“I heard the kids at Foundation get special seats that are meant to help improve posture. They’re really comfortable.” Zahra closed her book and informed the rest of us. “My cousin goes there and she was telling me.”
“Our school heads are such cheap skates, they leech so much out of us and spend hardly do anything.”
“Yeah. You know the students at Foundation have so many activities, and for free too!”
That was Amira joining in the conversation, by now almost everyone had. Jannat was visibly glowing.
“Football, cricket, art, music, literature and debating clubs so far…… didn’t Foundation open three years ago?”
Layla was new to the school and the city. She was from Lahore and had moved here when her father’s network of departmental stores had extended to Faisalabad. That was barely two months ago, at the start of the school year, in September. No one had shown particular interest in her, being too pre-occupied with their own gangs to take time out and show the plain new girl around. The teacher’s acknowledgement had lasted a total of two days. She was not very bright.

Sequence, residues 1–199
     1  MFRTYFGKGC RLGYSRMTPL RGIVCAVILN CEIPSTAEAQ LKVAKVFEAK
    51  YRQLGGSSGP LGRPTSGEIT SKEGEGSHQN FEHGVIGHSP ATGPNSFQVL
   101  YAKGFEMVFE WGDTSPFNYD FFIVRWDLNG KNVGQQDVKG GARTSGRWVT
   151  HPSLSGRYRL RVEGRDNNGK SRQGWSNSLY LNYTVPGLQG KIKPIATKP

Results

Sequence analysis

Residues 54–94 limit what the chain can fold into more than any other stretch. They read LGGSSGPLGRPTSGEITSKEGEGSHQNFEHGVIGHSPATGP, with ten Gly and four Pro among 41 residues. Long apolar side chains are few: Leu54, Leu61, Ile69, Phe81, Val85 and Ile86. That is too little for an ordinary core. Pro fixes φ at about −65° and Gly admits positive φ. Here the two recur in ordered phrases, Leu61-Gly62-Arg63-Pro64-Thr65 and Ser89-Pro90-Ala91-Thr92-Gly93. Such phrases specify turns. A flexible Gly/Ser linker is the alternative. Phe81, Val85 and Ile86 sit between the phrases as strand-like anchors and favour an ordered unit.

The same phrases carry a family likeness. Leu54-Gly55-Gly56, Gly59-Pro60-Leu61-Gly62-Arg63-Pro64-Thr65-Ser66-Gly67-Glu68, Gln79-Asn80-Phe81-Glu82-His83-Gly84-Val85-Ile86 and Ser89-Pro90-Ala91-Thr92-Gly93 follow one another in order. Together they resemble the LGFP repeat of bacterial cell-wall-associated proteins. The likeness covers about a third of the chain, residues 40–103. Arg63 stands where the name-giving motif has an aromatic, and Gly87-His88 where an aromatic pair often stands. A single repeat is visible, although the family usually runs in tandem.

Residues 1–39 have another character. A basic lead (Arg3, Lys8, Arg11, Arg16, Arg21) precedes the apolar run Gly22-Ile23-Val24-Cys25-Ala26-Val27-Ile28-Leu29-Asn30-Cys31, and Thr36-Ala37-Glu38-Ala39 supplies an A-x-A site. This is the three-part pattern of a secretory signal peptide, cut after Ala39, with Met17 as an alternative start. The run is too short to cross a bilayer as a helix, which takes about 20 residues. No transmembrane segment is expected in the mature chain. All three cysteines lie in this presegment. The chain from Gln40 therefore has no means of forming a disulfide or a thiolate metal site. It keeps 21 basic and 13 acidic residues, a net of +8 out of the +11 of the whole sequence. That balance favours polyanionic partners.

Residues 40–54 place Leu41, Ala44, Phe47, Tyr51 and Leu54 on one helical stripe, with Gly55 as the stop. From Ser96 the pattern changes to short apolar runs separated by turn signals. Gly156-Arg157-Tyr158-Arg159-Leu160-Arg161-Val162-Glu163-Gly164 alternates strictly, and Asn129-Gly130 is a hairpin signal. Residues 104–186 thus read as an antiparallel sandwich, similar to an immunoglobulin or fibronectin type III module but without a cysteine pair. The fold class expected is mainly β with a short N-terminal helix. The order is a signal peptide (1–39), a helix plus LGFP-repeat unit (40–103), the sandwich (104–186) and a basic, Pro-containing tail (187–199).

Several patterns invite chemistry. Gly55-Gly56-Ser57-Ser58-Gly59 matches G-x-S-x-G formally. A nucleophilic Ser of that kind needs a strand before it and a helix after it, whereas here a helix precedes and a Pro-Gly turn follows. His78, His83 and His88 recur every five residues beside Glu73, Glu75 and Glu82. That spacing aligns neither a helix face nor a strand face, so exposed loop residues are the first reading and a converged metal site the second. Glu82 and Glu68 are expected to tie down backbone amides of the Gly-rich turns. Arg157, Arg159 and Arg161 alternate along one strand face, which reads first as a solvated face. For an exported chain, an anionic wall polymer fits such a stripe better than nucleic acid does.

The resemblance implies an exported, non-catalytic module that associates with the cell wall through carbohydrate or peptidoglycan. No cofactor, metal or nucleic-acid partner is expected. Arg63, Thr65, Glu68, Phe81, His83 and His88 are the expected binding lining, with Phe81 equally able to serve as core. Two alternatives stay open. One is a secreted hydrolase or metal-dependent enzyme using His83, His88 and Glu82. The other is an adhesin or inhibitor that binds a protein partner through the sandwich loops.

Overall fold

She was shy, I was shy. It took a while for me to introduce myself. I felt bad for her, with her wide eyes and confused expressions she looked so helpless. I walked her through the ways of the kids and the teachers. I’m not going to say we clicked right away; we each had qualities that annoyed the other. But she accepted me for them and didn’t try to change me. I liked her. We settled into a routine, and I was grateful for her company. She was the closest thing I had had to a friend for a long time. The school year looked somewhat bearable.
Disaster struck a few weeks later when Amira, in a fit of boredom, decided to get to know Layla. It was more of an interrogation. I was there too, between them, being ignored as I usually was by the majority of the student population. I was only spoken to when needed. I silently prayed for Amira to lose interest, I was the class loner. If Amira took a liking to Layla, she was hers. I didn’t have anything that could keep Layla with me, Amira had friends, Amira was somewhat popular. Sitting between them and being invisible hurt, but Layla ditching me would be worse.
The inevitable happened, though it wasn’t Amira who got Layla, it was Jannat. The questions uncovered many things, the most interesting for my classmates being Layla’s fortune. It didn’t take a minute for Jannat to pounce. She sank her claws into Layla and all I could do was watch. I wanted to say something, to protest. She was my friend, I liked her for her, not her money. Surely Layla could see through such an absurdly obvious charade. However as Jannat dragged her away I stayed silent….. I didn’t deserve a friend anyway. Layla would be happier with Jannat. Besides if she wanted to stay friends with me she could, I wouldn’t stop her. But if she didn’t that was her choice, not mine.